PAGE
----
Zombie vs. Humans: The plague strikes again…and this time, even bigger!

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Last year’s hit game of Humans vs. Zombies returned to Dordt College this year, but instead of the battle against the undead being limited to North and East Hall, this year’s game included participants from all across campus. Allowing everyone to participate changed the game in a number of ways. The most prominent change was the number of players, nearly doubling last year’s 174 to 340. More players also meant that moving from building to building was much more difficult.

“I think it was a good idea,” said sophomore Penni Matthews. “It got everyone involved together in one thing on campus. Plus, some of us were upset that we couldn’t play last year.”

More players also resulted in more “original zombies.” Last year, junior Micah Applegate was named “the Chosen One,” while this year there were eight originals in order to spread the infection faster and to all parts of campus.

“It really was an honor to follow in the footsteps of such a giant [Applegate] in Humans vs. Zombies as one of the originals. It was like Aaron Rodgers taking over for Brett Favre,” said sophomore RA and zombie staff member Jake Byma.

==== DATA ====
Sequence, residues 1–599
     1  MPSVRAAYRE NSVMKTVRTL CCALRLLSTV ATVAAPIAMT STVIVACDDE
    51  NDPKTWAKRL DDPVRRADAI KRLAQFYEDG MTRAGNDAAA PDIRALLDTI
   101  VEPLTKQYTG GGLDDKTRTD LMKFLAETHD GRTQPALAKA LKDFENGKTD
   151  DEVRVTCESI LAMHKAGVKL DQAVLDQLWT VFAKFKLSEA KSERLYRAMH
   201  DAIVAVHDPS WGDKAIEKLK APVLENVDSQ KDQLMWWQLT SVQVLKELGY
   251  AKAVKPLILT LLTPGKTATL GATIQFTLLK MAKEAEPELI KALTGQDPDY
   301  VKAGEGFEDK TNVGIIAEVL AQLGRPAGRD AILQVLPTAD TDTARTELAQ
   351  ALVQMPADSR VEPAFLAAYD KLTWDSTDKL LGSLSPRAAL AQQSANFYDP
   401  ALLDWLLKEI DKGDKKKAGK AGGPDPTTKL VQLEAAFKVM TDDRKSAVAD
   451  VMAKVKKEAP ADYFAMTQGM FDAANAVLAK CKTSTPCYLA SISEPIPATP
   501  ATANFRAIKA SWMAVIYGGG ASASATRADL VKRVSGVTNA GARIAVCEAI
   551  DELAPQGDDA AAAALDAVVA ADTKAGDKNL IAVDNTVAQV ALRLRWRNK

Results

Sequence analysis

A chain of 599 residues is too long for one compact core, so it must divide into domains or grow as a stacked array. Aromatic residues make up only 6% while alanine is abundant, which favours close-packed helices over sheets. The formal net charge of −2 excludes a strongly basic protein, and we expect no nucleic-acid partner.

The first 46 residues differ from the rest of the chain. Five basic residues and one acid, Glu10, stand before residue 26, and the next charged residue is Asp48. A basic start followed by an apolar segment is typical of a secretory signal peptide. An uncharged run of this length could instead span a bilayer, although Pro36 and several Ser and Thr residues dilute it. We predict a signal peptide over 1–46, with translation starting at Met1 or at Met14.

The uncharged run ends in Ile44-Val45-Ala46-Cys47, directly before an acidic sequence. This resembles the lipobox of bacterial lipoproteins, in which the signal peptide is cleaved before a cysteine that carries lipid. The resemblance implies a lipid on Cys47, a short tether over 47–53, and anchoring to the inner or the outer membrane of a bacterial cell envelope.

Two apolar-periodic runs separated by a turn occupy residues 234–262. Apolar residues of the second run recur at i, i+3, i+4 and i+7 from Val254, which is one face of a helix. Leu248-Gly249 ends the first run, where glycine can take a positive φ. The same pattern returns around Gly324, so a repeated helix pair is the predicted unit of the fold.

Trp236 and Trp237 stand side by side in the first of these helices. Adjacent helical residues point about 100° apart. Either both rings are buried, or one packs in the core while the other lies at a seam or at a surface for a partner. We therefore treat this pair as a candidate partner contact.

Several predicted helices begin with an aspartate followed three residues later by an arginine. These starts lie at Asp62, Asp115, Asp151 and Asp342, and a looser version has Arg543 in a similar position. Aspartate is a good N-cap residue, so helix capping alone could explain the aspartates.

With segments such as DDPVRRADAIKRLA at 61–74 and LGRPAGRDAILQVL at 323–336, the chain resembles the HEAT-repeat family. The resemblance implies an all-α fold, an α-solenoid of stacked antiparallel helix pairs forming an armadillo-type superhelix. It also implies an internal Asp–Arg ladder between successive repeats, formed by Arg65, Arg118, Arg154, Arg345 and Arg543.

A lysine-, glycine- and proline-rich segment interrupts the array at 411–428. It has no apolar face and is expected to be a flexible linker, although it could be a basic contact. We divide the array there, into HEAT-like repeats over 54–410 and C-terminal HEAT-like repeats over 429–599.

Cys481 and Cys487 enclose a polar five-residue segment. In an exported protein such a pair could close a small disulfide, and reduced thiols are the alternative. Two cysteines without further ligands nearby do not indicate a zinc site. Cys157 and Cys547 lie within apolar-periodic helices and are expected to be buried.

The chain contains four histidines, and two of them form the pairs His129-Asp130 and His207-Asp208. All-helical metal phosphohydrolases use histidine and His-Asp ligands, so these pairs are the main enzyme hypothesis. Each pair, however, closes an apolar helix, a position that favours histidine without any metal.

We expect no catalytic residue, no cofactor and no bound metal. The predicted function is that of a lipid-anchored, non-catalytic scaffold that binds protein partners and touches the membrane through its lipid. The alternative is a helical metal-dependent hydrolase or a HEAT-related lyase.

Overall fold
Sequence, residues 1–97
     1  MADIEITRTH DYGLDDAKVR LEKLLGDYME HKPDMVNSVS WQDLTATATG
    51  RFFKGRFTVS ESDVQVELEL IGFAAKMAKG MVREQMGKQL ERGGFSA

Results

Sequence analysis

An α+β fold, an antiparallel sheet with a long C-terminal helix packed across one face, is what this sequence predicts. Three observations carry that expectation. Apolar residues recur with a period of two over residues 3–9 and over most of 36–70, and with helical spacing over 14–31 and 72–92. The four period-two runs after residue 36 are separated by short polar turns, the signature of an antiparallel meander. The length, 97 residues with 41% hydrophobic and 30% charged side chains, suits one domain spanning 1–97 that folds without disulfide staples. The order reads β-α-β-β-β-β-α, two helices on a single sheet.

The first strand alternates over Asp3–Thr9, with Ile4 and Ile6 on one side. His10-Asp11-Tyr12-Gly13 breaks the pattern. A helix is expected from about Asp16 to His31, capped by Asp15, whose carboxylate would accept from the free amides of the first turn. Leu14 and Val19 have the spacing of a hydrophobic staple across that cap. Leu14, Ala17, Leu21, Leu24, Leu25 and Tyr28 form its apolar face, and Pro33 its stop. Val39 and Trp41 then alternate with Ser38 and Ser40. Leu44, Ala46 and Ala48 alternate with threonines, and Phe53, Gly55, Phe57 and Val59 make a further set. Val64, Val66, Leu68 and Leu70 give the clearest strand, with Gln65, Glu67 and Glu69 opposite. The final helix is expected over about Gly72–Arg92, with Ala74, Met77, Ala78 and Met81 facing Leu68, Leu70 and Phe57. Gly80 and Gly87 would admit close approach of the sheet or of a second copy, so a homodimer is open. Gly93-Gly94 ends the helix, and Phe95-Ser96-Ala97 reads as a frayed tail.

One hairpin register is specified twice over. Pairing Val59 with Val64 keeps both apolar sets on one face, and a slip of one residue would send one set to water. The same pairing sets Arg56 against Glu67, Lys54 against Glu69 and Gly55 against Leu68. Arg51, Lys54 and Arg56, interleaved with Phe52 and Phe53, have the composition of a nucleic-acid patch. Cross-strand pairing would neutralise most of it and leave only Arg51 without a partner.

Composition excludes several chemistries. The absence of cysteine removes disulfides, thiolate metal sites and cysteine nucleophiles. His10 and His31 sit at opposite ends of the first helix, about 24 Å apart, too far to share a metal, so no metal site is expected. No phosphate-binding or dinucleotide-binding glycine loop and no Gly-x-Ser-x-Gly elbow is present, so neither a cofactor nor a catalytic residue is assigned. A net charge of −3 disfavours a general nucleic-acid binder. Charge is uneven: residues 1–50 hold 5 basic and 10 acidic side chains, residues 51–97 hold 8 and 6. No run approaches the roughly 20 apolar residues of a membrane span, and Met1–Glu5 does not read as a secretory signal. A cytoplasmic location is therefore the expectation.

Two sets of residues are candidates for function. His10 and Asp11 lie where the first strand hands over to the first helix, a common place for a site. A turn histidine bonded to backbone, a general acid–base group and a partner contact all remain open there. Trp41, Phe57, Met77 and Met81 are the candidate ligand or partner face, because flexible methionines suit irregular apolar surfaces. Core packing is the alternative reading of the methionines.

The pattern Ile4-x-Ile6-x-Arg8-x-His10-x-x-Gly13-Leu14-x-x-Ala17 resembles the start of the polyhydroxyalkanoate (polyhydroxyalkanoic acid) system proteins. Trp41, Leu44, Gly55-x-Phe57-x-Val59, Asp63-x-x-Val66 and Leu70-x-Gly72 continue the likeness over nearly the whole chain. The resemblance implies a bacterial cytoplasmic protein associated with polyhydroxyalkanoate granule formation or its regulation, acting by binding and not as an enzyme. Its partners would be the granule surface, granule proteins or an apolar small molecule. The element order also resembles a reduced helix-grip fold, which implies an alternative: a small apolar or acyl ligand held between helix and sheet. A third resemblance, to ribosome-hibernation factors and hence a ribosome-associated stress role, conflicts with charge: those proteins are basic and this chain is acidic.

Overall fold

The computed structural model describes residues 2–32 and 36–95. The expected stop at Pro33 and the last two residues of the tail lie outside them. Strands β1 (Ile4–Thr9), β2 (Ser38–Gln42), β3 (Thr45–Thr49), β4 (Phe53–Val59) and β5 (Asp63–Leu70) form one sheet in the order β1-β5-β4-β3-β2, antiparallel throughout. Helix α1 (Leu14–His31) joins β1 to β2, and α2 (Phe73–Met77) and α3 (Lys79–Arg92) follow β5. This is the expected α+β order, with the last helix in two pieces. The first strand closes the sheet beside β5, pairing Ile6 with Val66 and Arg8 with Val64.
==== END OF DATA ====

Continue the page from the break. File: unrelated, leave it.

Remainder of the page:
The gameplay was the same as last year; if you’re a human, don’t get touched by a zombie. If you become a zombie, go get humans and turn them into zombies. Humans (marked by the green band on the arm) were able to defend themselves by throwing socks at zombies (green band on the head), stunning them for 5 minutes and rendering them unable to hunt for humans. If a human got tagged by a zombie, they had to give the zombie an ID card with information that needed to be entered on a specific website.

By the end of the four days, the ratio of zombies to humans had shifted to nearly 2:1. Freshman Tyler Couperus led all the zombies with a record of more than 30 infections, while freshman Mark Dykstra held the most memorable attempt to get from the bathrooms to his room. Those who survived the whole time didn’t get any physical prize, but the bragging rights and knowledge of being untouchable was a big enough reward.

Humans vs. Zombies was a bigger success this year than last year, and Byma attributes this to two major appeals. First, it was a way for students to relax and take their mind off of academics for a while. Second, it built a sense of community.

“There is a sense of pride and camaraderie in being associated with either group, and you team up with different people you may not know to carry out missions or get to class, and that is kind of cool,” said Byma.

Justin Pastoor, Staff Writer

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